Dee Dee must be as pleased as punch

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Boxing is going to be a major sport
in Cayman in the future thanks to the new gym and on Saturday it was the scene
of another great amateur show.

The D Dalmain Ebanks Boxing
Gymnasium in George Town was built in honour of the great West Bayer who
dedicated his life to seeing a purpose-built gym for the sport erected.

Dee Dee passed away in 2003 but his
lasting legacy is the $1.2 million venue which had seven bouts over the
weekend, all entertaining in their own right.

The show wasn’t confirmed until a
few days before so there wasn’t a big crowd, but nonetheless, they were
appreciative of the action and sportingly applauded all the fighters, including
four from the Bahamas and a Jamaican.

Organised principally by coach
Nayon ‘Donie’ Anglin and Randy Rankine, the Cayman Islands Amateur Boxing
Association president, first up was Jeffrey Bodden against raw novice Justin
Gregory at lightweight.

Gregory. 16, is an all round
sportsman and took up boxing on a whim only three weeks ago. Despite his
inexperience, he started well with fast, accurate punches and gave Bodden a
standing counting.

But Gregory’s lack of experience
and conditioning told in the second round and he quickly tired, forcing referee
Michael Peart to call a halt.

Gregory is a natural and only needs
more time in the gym if he wants to go far in the sport. 

After years of training, Michael
Ford decided to make his debut in the ring. He got a tough one against the
short and stocky Bahamian Godfrey Skan in a welterweight clash.

The much taller Ford tried to use
his height and reach to full advantage, but Skan just walked through his
punches to land big shots to head and body.

Ford took a standing count at the
end of the first round and by the second Skan had punched all the resistance
out of him. After another hurtful flurry, Ford stood in a corner obviously too
battered to continue and Peart ended it. 

Next was an all Caymanian
heavyweight affair between Gino Brown and Miguel Pitta. Both were making their
debut. Pitta keeps goal for Future football team but he fancied an alternative
to team sport and thought boxing ideal.

All three rounds were close with
Brown winning on points but a disgruntled Pitta thought he deserved the verdict
as he got more power punches in. Referee was Philmore Barnett.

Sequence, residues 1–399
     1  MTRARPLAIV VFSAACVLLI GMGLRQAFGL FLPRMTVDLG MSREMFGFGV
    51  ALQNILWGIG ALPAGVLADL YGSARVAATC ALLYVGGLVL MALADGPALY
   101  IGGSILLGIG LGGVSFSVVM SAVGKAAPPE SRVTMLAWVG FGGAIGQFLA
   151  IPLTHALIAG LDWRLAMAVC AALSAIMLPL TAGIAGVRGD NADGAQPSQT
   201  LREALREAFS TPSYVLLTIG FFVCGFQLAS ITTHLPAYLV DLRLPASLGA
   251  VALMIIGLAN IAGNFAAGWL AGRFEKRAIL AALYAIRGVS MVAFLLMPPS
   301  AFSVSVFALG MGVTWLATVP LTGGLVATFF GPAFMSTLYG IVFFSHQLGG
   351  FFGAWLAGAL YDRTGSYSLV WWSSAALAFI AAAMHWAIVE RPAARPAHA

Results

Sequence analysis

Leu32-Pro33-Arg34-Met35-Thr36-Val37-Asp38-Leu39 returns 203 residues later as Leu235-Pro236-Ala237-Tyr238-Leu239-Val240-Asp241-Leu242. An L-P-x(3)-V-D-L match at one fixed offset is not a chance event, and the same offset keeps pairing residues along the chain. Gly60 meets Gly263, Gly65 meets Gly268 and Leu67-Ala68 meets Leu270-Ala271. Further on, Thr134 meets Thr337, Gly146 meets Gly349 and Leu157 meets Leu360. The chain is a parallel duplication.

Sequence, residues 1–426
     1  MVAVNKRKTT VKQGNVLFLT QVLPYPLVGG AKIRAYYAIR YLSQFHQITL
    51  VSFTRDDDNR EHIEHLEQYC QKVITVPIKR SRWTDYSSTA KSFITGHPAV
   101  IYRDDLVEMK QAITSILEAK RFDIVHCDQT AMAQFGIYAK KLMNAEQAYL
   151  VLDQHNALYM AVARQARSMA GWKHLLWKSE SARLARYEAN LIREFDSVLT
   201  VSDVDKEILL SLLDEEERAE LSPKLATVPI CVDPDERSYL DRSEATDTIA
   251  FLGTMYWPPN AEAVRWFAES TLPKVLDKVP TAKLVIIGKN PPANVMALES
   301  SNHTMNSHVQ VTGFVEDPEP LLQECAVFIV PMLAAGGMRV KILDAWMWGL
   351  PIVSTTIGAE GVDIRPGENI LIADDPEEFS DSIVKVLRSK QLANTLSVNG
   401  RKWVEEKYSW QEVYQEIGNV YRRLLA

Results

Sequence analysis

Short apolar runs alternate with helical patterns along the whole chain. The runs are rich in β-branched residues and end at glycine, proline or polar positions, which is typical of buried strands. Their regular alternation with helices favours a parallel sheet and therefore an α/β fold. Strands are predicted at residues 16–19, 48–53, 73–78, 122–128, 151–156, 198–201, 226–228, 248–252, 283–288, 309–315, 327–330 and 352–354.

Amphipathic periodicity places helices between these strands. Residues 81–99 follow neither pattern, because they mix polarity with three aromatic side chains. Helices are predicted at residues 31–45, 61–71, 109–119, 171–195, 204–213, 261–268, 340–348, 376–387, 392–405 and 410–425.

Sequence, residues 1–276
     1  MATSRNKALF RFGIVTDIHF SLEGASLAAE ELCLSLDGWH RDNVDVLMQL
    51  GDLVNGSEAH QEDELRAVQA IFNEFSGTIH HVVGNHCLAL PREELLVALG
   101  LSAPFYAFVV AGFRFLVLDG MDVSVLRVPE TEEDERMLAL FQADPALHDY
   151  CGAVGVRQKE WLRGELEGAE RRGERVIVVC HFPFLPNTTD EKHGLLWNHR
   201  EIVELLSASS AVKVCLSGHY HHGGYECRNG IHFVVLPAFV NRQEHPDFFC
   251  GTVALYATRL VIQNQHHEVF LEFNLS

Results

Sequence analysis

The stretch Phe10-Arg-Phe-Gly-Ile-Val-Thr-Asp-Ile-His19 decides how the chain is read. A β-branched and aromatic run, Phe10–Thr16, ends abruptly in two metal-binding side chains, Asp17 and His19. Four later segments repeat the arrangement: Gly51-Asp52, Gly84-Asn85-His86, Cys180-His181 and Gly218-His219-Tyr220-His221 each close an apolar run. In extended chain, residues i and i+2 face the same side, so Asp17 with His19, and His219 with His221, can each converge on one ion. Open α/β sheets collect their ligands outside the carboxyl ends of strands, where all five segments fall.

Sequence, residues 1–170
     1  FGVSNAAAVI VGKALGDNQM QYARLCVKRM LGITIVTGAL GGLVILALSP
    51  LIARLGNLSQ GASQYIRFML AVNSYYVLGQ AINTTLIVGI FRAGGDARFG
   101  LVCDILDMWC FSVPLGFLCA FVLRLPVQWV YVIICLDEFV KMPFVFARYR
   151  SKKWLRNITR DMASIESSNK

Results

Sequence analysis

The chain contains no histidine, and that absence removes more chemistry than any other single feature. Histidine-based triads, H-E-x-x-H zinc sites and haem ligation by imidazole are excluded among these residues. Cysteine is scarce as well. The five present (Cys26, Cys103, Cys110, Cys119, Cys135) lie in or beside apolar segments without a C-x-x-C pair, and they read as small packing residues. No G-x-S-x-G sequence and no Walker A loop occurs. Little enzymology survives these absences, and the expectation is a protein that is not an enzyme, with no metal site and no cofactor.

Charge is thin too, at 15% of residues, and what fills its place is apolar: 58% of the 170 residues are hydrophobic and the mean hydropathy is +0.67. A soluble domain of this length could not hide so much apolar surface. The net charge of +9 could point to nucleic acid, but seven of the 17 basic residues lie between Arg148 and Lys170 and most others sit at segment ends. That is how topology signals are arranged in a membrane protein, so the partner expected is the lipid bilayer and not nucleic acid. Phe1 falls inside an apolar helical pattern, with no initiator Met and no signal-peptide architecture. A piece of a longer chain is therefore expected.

Three Cayman boxers went to Bahamas
last November and this was a return match. Coach Anglin’s son Jason Parchment
was soundly outpointed in a lack lustre display against Justin Sawyer four
months ago.

Welterweight Parchment got a
rematch against the tough Bahamian and boxed with more purpose this time only
the result was the same. It was a great bout, action all the way, with both
fighters having their moments.

It was initially given as a draw
although Sawyer looked the deserved winner. As there are no draws in amateur
boxing, the verdict was rightly given to Sawyer. Peart refereed.

At light-welter Kendall Ebanks got
a rematch with Bahamian Rasheed Williams. They boxed an exhibition last time
but Williams looked the better fighter. Ebanks was in better shape this time,
clearly winning the first round with sharp shots to head and body.

Williams has a hurtful short right
hand which he used to good effect in the second, at one point catching Ebanks
with three sharp of them to the chin which he took well.

Williams finished stronger, clearly
winning the third as Ebanks tired, but it was the Caymanian who got the verdict.
Barnett refereed.

Light-heavyweight Dariel Ebanks has
immense talent and that was evident as he comfortably blasted out Bahamian
debutant Andy Moxley with four standing counts, forcing Peart to call a halt
mid-way through the second.

Charles ‘The Killa’ Whittaker
embraced Ebanks in delight, but southpaw Ebanks should not get carried away, Moxley
was smaller and inexperienced.

Ebanks then boxed an exhibition
with the much smaller Skan who bravely swapped big shots with the Caymanian who
outpointed him by 30 pounds.

Final bout was a heavyweight match
between Cayman’s Andrew Ford, Michael’s brother and Jamaica’s Selano Clark.
Ford got some big punches in but the technically better Clark was too slick and
was the deserved winner on points.


Andrew Ford had a tough fight.
Ron Shillingford